The authorities may, within limits, decide at their discretion which party they actually hold liable – in particular if the actual polluter cannot be determined or is not sufficiently solvent, the risks for the property owner increases. A party which was held liable, but did not cause the pollution, may have a statutory recovery claim against the actual polluter.
Pursuant to the provisions of the environmental legislation (article 29 of Law 1650/1986), any individual or legal entity that pollutes or damages the environment is liable for compensation, according to the “polluter pays” principle, unless he/it proves that the damage is due to force majeure or to an intentional act of a third person. Furthermore, interim measures prohibiting the operation of a polluting facility may be applied until the introduction of suitable measures against the pollution and/or degradation of the environment.
Moreover, Directive 2004/35/EC, which establishes a common framework at EU level for the implementation of environmental liability based on the "polluter pays" principle, aiming to prevent and remedy environmental damage caused directly or indirectly by activities involving protected species and natural habitats, water and soil, where contamination poses a serious risk to human health, was transposed into Greek law by Presidential Decree 148/2009, the latter was subsequently amended.
Parties who own and/or hold a real property, upon occurrence of environmental damage / environmental hazards, are jointly liable for such damage or hazards, unless proven otherwise.
The owner may be exempted from joint and several liability if he identifies the actual user of the real property and proves beyond doubt that he/she/it is not liable.
Notwithstanding the above, the parties are free to regulate in a contract their relative liability towards each other and liability for acts of third parties. A buyer of a real property would typically seek to exclude its liability and claim compensation / indemnification for pollution that occurred prior to the completion of the transaction.
There is no specific Act which concerns pollution of real estate. Toxins which pollute soil and human life are regulated by the Environment Protection Act, which uses the term “environment” in a wide sense, as well as by various rules framed under this Act.
Under the Environment Protection Act, the main rules to be complied with are (i) no person carrying on any industry, operation or process shall discharge or permit to be discharged any environmental pollutant in excess of such standards as may be prescribed; and (ii) no person shall handle or cause to be handled any hazardous substance except in accordance with such procedure and after complying with such safeguards as may be prescribed.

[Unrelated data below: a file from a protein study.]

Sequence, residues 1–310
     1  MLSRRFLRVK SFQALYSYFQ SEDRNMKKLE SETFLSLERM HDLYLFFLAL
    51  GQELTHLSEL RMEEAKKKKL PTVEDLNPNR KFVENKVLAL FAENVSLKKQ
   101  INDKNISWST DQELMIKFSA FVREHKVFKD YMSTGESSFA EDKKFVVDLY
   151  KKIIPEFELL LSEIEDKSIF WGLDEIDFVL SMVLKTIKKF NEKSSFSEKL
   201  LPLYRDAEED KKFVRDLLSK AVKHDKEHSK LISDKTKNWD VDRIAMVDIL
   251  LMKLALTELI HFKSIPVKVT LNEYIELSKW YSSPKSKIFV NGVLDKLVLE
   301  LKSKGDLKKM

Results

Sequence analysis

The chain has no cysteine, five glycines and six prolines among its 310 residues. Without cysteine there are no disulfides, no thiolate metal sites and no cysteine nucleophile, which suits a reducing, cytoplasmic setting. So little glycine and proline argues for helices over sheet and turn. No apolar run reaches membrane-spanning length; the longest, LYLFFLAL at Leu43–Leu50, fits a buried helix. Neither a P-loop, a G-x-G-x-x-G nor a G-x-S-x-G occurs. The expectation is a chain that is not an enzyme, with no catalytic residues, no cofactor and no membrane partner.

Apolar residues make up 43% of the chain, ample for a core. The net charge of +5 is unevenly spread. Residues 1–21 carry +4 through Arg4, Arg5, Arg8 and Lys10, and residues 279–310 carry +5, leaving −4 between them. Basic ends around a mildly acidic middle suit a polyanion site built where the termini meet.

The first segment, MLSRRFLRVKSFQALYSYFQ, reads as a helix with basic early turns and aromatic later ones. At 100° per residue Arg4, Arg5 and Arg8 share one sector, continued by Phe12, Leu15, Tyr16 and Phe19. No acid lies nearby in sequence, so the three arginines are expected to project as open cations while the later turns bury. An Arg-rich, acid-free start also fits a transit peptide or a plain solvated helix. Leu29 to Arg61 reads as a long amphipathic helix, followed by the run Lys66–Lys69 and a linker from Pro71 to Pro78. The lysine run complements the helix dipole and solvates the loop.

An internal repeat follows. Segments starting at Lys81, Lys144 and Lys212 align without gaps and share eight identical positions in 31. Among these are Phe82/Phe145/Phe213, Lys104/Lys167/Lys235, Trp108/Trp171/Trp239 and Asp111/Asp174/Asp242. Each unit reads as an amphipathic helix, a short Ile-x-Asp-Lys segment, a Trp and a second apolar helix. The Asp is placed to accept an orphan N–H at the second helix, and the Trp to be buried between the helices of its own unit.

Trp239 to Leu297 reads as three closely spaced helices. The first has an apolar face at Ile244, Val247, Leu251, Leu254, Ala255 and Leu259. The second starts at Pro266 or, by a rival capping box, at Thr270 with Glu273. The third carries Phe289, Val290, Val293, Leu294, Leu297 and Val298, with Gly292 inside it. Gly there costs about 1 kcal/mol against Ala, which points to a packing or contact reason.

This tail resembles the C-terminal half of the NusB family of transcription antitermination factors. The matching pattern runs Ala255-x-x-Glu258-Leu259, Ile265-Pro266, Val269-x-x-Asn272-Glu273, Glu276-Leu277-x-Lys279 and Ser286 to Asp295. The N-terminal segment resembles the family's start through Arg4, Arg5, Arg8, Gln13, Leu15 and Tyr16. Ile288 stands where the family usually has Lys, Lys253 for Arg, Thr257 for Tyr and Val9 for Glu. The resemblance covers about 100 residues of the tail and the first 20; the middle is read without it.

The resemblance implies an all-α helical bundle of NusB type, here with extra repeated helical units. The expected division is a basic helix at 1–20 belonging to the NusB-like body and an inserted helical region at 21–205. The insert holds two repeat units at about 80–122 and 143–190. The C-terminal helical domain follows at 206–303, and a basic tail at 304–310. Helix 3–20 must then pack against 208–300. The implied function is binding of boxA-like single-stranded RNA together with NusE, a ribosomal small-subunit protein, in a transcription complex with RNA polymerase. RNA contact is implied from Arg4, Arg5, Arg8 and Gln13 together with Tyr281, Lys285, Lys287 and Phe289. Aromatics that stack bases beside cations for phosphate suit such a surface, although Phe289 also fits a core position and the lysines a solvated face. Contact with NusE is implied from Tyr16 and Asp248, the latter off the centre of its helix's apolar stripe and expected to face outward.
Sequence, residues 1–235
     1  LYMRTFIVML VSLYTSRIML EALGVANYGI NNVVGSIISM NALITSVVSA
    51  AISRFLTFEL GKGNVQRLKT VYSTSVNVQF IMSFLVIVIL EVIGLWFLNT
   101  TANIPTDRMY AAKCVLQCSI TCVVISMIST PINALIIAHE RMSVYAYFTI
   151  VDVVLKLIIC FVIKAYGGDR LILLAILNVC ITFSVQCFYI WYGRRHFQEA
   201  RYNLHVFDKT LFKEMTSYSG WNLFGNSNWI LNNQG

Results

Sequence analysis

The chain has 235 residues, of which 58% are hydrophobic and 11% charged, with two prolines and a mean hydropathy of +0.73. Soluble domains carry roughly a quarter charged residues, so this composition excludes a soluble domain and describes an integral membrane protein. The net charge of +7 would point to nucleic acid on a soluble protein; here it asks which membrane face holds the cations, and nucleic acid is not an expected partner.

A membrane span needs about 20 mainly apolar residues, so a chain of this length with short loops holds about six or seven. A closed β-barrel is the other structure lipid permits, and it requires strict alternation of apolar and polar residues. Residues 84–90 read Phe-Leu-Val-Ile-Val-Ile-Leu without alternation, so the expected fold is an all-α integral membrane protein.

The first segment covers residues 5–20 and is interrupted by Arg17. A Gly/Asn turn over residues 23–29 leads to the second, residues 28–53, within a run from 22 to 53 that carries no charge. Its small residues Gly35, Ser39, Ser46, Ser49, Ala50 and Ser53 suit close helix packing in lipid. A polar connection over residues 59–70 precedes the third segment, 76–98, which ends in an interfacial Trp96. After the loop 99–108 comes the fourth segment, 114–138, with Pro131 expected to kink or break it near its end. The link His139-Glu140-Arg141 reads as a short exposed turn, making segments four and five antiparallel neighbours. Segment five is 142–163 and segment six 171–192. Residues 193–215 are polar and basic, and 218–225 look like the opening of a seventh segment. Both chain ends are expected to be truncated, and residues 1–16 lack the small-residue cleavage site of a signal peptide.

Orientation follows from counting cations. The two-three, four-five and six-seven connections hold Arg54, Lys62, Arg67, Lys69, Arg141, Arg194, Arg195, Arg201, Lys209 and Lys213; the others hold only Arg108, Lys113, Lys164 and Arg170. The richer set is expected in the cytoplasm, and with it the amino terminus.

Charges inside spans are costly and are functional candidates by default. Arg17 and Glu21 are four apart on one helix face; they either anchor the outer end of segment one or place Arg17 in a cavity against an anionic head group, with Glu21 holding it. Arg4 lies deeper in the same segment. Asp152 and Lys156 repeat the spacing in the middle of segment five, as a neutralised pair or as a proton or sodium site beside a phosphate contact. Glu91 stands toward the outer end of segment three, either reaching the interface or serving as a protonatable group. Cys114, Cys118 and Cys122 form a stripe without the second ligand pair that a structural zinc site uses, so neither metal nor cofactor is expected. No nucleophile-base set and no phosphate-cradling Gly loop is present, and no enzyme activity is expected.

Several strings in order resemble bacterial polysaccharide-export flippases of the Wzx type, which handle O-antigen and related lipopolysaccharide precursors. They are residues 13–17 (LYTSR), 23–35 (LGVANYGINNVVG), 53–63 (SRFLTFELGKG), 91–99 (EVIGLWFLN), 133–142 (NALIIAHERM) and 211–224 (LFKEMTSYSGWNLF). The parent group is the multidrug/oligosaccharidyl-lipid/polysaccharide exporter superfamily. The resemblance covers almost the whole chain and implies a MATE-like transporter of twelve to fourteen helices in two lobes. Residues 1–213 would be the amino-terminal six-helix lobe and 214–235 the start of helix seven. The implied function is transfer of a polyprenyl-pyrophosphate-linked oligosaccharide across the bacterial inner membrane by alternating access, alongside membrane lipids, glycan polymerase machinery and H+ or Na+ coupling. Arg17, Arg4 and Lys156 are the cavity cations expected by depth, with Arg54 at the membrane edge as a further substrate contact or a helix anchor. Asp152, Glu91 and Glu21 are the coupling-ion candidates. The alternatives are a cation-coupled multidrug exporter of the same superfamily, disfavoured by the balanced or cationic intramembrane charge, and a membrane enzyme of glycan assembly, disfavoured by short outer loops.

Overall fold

Whoever (person or company) contravenes any provision of the Act is liable. Therefore, liability may extend beyond the polluter to others who have permitted the environmental pollutant to be discharged or the person who has caused a hazardous substance to be handled without complying with prescribed safeguards. The person in whose name the property may be standing in the Government records is also held liable.
Liability for environmental contamination is not limited to the polluter although the polluter is likely to be pursued in the first instance by the relevant authority. Liability can extend to the owner of the property affected.
Certain statutory bodies are required to publish periodic reports which identify specific properties which are hazardous or which do not comply with certain environmental requirements. However, Ireland has no dedicated register of contaminated land. A potential buyer would always be advised to carry out its own due diligence where non-compliance with environmental law is a concern.
In the absence of an exception under a relevant law, the landowner is liable, in principle, for damage caused to third parties arising from the real estate. Therefore, a buyer may be responsible for environmental contamination (including soil pollution) of the real estate.
A common problem in real estate transactions (particularly those relating to land) is soil contamination. If the soil is contaminated and does not conform to the standards prescribed by the Ordinance of the Ministry of the Environment, or the site is classified as harmful to human health or as posing a threat of such harm, the land will be designated as an area requiring action under the Soil Contamination Countermeasures Law. The landowner will be required to take the measures necessary, such as, for instance, the removal of the contaminated soil, to remedy the contamination. The measures to be taken will depend on the class of hazardous substances found on the land as well as on the state and degree of contamination. If the pollution meets certain requirements, the owner may claim the cost of removal against the polluter. A prefectural governor may order the polluter, rather than the owner, to take the required countermeasures if (i) it is clear that the soil contamination was caused by the person other than the owner, (ii) where it is appropriate to require said person (hereinafter including his successors by inheritance, merger, or split) to take an action for removal and (iii) the owner has no objection to such an action being taken.